ZION, Ill.—Earlier this week, the Zion City Council amended its rental inspection law, which will no longer punish landlords or tenants who refuse to open their doors for rental inspections without a search warrant. The reform was passed unanimously by the City Council in response to a lawsuit filed on behalf of landlord Josefina Lozano and her tenants, Dorice and Robert Pierce, by the Institute for Justice (IJ).
“We are pleased our Fourth Amendment right is being recognized and not invalidated by a local government law,” said Robert. “This was a matter of principle for us, the Fourth Amendment is just as important as the First and Second Amendments. We are law abiding citizens and have lived in this home since 2000. We feel it is important we are comfortable with whom we allow into our home and the reason for entry.”
Previously, the city’s law subjected landlords to fines of up to $750 per day—with a track record of astronomical six-figure fines piling up—if their tenants refused to open their doors for rental inspections. Now, landlords have the right to ask city inspectors to get a warrant before they conduct such inspections.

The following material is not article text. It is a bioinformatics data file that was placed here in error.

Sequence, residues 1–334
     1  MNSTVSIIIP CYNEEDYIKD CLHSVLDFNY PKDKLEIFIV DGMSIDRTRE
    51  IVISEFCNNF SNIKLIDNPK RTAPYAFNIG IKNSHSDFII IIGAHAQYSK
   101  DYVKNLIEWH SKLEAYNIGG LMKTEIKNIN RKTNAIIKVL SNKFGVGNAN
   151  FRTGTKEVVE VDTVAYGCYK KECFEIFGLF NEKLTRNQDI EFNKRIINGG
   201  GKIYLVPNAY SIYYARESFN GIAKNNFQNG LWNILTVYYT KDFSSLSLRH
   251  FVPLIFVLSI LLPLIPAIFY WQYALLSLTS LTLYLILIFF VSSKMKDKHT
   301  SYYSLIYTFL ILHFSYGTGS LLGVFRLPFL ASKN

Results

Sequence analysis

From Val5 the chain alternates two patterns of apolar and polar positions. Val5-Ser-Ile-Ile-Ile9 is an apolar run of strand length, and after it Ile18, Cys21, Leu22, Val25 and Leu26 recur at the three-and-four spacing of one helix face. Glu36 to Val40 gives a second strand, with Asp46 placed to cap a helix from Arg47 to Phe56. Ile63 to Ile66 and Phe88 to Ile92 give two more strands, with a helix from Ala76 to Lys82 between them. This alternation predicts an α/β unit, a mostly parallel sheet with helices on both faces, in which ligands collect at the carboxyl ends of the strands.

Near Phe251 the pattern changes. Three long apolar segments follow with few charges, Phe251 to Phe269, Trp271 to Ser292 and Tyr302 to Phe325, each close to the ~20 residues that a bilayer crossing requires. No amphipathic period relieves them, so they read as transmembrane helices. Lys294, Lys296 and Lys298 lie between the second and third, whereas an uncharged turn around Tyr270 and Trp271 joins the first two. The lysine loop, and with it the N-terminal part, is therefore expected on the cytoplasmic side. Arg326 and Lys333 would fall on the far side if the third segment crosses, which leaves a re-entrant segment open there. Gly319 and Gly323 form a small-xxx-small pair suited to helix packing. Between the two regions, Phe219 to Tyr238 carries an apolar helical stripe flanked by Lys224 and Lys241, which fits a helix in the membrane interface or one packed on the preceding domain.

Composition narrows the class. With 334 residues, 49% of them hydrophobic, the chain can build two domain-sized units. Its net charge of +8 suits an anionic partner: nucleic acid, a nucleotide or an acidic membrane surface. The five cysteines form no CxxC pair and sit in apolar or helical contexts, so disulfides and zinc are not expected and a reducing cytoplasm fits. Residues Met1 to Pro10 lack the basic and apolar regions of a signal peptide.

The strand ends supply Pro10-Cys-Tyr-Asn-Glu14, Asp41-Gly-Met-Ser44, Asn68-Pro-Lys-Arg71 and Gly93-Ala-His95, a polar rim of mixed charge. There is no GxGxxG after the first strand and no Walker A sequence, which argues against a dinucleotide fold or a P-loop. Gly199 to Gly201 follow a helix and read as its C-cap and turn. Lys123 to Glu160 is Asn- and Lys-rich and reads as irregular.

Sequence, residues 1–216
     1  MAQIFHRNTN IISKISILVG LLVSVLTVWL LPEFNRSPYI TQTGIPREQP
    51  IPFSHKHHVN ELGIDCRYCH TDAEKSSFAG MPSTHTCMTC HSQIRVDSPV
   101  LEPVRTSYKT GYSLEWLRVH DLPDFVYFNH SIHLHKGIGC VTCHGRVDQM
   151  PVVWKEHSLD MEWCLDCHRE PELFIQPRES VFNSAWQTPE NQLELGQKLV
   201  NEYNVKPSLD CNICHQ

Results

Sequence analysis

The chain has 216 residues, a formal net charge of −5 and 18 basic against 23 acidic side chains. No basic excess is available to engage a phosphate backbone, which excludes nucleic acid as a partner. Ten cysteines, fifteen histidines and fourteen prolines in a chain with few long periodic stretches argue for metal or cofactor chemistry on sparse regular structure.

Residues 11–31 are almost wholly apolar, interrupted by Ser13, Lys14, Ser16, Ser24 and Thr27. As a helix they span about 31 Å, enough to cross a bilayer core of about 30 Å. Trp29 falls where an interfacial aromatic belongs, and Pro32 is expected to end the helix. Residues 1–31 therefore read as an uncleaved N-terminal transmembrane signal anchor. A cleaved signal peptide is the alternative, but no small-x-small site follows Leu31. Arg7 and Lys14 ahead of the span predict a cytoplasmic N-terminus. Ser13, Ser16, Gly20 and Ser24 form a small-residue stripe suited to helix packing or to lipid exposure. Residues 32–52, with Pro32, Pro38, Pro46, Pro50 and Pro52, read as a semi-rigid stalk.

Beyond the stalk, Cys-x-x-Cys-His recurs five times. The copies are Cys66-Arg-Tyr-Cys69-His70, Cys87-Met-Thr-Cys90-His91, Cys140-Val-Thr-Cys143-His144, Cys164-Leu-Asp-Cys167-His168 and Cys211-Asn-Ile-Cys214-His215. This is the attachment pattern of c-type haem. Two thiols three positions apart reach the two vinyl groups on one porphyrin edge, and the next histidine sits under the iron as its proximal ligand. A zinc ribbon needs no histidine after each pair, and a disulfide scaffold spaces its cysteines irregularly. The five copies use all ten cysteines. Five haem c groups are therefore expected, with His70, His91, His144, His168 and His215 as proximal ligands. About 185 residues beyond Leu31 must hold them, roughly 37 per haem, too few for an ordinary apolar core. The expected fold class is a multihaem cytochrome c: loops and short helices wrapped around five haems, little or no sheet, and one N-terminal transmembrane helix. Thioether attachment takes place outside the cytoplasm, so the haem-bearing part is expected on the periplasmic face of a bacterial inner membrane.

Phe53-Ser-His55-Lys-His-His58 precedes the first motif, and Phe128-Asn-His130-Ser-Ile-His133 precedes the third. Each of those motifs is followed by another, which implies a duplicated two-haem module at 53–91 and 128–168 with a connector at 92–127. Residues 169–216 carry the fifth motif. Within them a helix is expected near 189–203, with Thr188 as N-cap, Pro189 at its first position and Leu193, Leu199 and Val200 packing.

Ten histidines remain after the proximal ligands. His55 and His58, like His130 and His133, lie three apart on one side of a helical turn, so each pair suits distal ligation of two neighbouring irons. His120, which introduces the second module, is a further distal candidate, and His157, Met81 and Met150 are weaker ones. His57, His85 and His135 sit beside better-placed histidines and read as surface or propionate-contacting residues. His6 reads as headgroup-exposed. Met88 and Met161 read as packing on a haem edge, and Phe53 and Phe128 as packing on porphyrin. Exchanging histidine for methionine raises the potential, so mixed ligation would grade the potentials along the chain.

“Just because someone chooses to rent their home doesn’t mean they lose their right to privacy and security in their personal space,” said IJ Attorney Rob Peccola. “If the government wants to look through someone’s home, they need a warrant. It’s good to see Zion get rid of its outrageous system of punishing people with massive fines simply for standing up for their constitutional rights.”
In 2019, Zion officials attempted to conduct warrantless inspections at several properties owned by Josefina. Her tenants refused the inspections, because they didn’t want government officials snooping around in their most intimate and private spaces. Following the refusal, the city threatened Josefina with fines that could total in the six figures. Instead of rolling over and allowing their rights to be infringed upon, Josefina, Dorice and Robert teamed up with IJ to challenge the law in federal court.
Following the initial filing of the lawsuit, the city agreed to stop enforcement against Josefina and her tenants. But this week’s reform codifies the right of all tenants to not be penalized if they request a warrant before opening their doors to city officials.